The importance of networking since time immemorial is the central theme of Niall Ferguson’s latest work.
The great British historian asks whether networks are loosely constructed corporations.
For example, why do traders with common themes need to meet unless the aim is profit?
Collective networking as Adam Smith observed is only necessary for ‘conspiracy against the public’. Others use networking for different reasons – politics in all its manifestations, Stalin a notable example with his invisible steel threads of intimidation and murder for control.
Totalitarianism in Hitler’s Germany was another egregious example of control by networking. Sometimes evil empires network to spectacular results.
In the summer of 1943, when Sicily fell to the Allies, Mafia kingpin Lucky Luciano mediated to restore the island to its traditional power base – a deal he had worked with the US government, a sound case for plea bargaining since he was serving time.
In this case, and here democracy operates at its tactile convenience, the Mafia operated within its own network and code of honour, from the criminal perspective.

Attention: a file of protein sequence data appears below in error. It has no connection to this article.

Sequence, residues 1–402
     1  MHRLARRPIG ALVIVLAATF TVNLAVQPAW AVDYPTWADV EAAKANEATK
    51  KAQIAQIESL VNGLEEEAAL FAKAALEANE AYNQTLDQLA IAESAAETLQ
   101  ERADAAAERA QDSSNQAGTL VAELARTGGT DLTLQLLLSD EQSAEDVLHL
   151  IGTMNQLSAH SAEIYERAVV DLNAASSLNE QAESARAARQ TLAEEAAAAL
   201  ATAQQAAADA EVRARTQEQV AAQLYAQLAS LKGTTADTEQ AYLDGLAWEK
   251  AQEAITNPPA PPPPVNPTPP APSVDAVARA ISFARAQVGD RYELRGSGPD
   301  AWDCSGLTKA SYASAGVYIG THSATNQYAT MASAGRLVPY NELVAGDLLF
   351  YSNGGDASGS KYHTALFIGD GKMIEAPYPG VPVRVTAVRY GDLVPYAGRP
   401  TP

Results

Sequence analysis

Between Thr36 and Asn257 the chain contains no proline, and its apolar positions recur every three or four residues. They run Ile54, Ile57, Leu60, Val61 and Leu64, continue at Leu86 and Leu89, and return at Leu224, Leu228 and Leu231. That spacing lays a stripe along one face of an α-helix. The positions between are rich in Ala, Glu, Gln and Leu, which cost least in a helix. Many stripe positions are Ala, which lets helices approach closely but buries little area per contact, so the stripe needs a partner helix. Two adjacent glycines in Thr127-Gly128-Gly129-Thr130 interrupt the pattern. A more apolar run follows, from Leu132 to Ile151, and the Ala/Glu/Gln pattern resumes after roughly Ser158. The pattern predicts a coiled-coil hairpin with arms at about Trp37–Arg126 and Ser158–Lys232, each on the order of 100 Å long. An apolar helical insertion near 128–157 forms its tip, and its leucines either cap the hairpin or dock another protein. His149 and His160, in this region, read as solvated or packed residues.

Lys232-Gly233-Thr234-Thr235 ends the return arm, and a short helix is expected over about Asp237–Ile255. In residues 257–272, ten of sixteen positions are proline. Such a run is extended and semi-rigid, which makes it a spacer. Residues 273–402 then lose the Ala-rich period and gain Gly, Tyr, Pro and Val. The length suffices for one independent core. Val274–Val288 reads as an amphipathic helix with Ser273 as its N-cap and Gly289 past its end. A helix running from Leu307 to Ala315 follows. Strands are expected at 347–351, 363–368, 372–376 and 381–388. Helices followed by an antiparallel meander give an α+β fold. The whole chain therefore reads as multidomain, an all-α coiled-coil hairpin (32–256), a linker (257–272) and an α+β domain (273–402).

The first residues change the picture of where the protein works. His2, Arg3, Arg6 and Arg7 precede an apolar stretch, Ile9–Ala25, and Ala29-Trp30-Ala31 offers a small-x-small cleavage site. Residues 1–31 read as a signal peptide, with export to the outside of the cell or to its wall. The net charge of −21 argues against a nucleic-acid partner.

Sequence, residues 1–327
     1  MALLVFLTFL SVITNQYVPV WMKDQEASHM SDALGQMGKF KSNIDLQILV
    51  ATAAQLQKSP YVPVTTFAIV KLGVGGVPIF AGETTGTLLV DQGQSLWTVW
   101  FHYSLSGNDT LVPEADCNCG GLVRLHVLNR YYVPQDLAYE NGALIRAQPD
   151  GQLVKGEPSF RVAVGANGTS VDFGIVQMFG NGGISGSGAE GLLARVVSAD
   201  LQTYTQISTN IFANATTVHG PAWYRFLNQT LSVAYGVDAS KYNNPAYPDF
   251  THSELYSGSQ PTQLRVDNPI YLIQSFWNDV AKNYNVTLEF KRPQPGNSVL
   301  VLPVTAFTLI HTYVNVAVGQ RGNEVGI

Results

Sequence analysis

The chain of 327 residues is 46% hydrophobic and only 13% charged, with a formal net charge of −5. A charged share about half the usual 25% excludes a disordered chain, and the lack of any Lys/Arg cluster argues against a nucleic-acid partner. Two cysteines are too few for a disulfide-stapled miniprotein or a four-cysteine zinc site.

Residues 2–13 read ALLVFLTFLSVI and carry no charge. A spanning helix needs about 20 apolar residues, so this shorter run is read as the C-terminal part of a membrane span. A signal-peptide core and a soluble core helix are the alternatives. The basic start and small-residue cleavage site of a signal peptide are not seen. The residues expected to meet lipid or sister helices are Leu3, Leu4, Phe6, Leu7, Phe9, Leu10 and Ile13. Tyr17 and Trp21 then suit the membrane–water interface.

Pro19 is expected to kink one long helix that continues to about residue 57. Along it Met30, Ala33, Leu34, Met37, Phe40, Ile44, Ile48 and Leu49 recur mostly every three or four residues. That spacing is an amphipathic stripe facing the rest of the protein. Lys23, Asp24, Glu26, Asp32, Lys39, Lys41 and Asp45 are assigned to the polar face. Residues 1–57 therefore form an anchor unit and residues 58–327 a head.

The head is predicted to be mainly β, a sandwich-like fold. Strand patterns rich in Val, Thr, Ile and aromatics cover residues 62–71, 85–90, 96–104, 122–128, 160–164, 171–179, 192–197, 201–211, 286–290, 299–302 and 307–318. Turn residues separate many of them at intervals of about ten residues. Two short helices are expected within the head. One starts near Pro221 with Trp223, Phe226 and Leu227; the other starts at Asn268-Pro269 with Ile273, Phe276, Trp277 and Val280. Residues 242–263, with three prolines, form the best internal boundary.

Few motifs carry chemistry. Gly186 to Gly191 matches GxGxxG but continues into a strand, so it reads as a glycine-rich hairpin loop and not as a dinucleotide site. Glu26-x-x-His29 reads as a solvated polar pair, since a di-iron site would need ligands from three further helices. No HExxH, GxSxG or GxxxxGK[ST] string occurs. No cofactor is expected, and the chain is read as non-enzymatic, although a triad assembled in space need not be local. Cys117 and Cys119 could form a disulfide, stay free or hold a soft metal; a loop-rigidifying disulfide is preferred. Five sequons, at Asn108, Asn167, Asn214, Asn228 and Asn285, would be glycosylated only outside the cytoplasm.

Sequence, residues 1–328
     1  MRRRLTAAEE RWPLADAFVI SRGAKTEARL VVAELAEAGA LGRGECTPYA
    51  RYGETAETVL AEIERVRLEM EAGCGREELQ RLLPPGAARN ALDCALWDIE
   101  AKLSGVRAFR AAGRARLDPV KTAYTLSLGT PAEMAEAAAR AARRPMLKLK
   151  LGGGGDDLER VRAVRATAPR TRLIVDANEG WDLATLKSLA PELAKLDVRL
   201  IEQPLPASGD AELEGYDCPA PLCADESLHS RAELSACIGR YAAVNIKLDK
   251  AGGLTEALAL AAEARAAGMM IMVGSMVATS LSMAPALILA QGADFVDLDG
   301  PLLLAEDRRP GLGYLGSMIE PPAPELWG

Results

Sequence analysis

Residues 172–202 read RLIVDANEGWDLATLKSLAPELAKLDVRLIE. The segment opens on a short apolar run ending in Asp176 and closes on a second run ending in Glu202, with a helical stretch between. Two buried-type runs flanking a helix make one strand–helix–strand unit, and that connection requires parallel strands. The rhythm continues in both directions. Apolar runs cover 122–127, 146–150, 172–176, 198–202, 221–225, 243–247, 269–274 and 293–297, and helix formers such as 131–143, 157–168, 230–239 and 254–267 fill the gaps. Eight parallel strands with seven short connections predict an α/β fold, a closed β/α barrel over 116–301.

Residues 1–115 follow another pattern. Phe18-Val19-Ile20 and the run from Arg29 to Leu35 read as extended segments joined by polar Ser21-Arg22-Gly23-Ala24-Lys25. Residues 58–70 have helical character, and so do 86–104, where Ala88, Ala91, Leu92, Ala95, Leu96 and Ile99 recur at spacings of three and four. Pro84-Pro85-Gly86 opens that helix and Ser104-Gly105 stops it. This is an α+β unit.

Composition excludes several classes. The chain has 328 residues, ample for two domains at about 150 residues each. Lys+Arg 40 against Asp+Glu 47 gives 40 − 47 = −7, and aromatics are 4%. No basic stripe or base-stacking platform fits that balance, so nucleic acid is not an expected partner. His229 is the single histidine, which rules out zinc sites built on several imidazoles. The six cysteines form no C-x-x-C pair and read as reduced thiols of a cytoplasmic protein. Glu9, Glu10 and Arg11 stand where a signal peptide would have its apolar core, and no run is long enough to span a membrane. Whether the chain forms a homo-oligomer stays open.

Henry Kissinger, the US Secretary of State in the Nixon/Ford administrations, was his country’s networker supremo.
This refugee from Nazi Germany, a Harvard professor, defied the common rule that professors study everything but should never be put in charge.
Through his networking, Kissinger became a famous figure towards the end of the Cold War, but who became embroiled in the fag ends of Vietnam.
To those fascinated in contemporary history and how the world really operates Niall Ferguson has produced another absorbing study.
The Square and the Tower. By Niall Ferguson - Hbk £25.00
-Phil Campbell (Guest Reviewer)
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